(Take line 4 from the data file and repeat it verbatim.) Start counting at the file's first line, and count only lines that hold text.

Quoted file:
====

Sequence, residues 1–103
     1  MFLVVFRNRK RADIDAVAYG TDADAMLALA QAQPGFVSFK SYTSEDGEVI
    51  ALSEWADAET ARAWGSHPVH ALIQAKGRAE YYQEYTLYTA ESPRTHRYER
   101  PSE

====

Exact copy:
   101  PSE